(Last year) was not going to be a repeat of 2015 because China was not going install 30GW. Looking ahead, in the report we're projecting just under 60GW in 2017. I think that's pretty safe, but a lot could happen.

Just ten markets account for 84% of global capacity and 88% of last year's installations. Is this a concern?

In 2007, 86% of total capacity was in the top ten markets and 91% of annual installed capacity was in ten markets. Those numbers have hovered in that sort of range for a long time. Obviously we would like it to be more diverse, but when roughly half the market is coming from one country, I suppose there's an inevitable concentration.

(We need) less reliance on the big three markets; Germany, the US and China. India is going to play a big role there. Brazil, I hope, will come back and will be joined by Mexico and South Africa in due course.

In Argentina, we have the first big test of the (president) Macri revolution coming up with elections in October. If he can get another term, then they may very well end up being unstoppable.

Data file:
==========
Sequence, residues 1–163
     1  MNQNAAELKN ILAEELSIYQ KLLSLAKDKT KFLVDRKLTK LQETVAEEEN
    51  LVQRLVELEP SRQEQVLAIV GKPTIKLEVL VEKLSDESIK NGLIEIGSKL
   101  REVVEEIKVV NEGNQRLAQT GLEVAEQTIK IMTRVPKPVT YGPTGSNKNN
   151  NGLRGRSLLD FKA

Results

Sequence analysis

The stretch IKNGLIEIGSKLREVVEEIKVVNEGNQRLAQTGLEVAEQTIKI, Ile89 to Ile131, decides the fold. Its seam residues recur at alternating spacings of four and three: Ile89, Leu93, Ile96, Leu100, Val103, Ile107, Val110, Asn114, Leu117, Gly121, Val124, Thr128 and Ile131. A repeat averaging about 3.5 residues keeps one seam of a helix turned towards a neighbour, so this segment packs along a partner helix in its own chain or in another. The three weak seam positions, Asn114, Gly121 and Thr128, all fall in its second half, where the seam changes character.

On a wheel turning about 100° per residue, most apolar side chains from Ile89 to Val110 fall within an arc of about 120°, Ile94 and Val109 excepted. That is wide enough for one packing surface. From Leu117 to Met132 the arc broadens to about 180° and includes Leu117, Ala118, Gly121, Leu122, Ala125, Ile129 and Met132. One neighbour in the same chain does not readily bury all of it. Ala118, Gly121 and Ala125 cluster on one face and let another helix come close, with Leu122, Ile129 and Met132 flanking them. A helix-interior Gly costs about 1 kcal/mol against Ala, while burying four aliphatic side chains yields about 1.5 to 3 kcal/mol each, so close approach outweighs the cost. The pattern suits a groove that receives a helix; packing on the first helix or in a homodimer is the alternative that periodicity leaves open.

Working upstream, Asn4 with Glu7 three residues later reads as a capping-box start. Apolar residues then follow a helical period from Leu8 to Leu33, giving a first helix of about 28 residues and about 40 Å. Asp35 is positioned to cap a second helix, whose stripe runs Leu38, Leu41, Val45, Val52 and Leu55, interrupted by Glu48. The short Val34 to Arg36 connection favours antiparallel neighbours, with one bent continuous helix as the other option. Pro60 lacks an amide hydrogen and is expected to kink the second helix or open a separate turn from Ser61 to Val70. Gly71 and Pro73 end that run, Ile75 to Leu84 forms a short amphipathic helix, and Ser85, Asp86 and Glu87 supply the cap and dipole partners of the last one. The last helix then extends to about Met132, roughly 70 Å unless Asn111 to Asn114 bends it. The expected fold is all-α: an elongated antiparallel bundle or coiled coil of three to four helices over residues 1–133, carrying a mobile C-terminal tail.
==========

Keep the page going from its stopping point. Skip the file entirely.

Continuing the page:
Why has India been a particular interest and focus for you over recent years?

India has such enormous potential but needs so much work. Also we have a project focused on developing a roadmap for an offshore wind sector in India.

They need the power, and offshore wind has a lot of advantages, particularly in India, because we believe the offshore resources are less susceptible to the substantial seasonal variation that most of south India is subject to.

We had a delegation from the Indian government come over to the Hamburg show in 2014 and had a look at Bremerhaven and some of the infrastructure that had been developed.

At that stage they had a severe case of "sticker shock" — they saw how expensive it was. Now of course, given the news they've been hearing about the offshore auctions in Europe I think they're really thinking a realistic option for them in the not too distant future. And I would agree.

What was your reaction to the zero-subsidy auction results in Germany in April? What do you make of the rapid fall in offshore costs?

(The Germany auction) to me was much less surprising than when it all started with Borssele 1 and 2. These guys (Dong and EnBW) are taking a long-term bet, I think it's a good one.

It's not a sure thing, but I think their plans are predicated on the next generation of machines — the 1X-generation, so to speak — and the wholesale power prices recovering somewhat.